WANTED: Highly-qualified teacher to implement district purchased curriculum. Must attend trainings. Must follow pacing guide. Must give students consumables. Must move quickly. Must ignore reteaching. Must trust the model. Must regularly update online assessment collection tool. Must share results with building data team. Must not question the process.
I had completely forgotten the existence of this wanted ad when I clicked on the email attachment with excitement, nervous about the courses I would teach in the fall. I’d requested Sophomores and AP Language. Four sections of Sophomores glowed on the screen. That meant I’d have roughly 120 fifteen year olds to guide through the themes of Sophomore year. I love 10th graders because they sort of know how to play high school. They think they are better than the freshmen. They consistently under or over-estimate how much time it actually takes to accomplish an academic task.
They think they know everything.
This is the year that many high school students transition from thinking about themselves to thinking about others. Throughout the nation, tenth graders are learning to “think globally”. Sophomore year a student could read texts like Siddhartha, Things Fall Apart, and Macbeth. They learn about the cellular makeup of the world in Biology, discover that Geometry is simply argumentative writing with numbers, and explore how civilizations rose and fell through World History.
Following the lead of others, my own district adopted Springboard, a College Board developed, Common Core aligned, “culturally responsive” curriculum that prepares students for rigorous, Advanced Placement courses. I was certainly excited about these qualities when I attended the district workshop last year. Nonetheless, after five months of implementation what I’ve found is that this curriculum—much like most outsourced programming—is problematic. Instead of concentrating this post on an analysis of the issues, I want to emphasize what teaching Springboard curriculum has illuminated for me.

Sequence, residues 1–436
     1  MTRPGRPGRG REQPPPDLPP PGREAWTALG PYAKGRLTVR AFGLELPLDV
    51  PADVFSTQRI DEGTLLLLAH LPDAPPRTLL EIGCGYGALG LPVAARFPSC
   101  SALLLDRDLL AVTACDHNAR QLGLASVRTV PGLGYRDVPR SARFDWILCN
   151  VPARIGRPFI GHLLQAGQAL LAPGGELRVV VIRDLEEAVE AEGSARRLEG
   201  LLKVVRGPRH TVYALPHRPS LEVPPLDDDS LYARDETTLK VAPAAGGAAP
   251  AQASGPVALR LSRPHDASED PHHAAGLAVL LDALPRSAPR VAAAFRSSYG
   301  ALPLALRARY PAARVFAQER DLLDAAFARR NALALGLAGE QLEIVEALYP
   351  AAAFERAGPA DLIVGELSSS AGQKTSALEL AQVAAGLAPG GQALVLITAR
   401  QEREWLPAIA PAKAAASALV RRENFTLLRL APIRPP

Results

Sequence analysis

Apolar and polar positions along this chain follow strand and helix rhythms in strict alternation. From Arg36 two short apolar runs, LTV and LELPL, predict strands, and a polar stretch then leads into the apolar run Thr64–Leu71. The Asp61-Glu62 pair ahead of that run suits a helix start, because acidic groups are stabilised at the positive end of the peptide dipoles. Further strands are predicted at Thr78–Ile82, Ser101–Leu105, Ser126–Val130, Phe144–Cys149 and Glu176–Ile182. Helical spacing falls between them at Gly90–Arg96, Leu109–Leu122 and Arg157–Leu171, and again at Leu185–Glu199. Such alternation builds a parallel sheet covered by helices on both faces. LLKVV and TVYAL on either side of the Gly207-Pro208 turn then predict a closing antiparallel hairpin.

My classroom isn’t more rigorous, engaged, or common core aligned because of Springboard—those qualities already existed. What Springboard has done is remind me that teachers still need the flexibility and autonomy to modify any curriculum to meet the needs of the diverse students in their classrooms.
Furthermore, the following is more true now than ever:
- Students need their classroom teachers to pre-assess their knowledge.
- Students need their classroom teachers to develop engaging hooks.
- Students need their classroom teachers to differentiate learning tasks.
- Students need their classroom teachers to scaffold complex readings.
- Students need their classroom teachers to create a safe place for all learners.
- Students need their classroom teachers to not be “good soldiers” rotely teaching curriculum developed by someone many states away from their school.
- Students need their classroom teachers to advocate for them when policies don’t.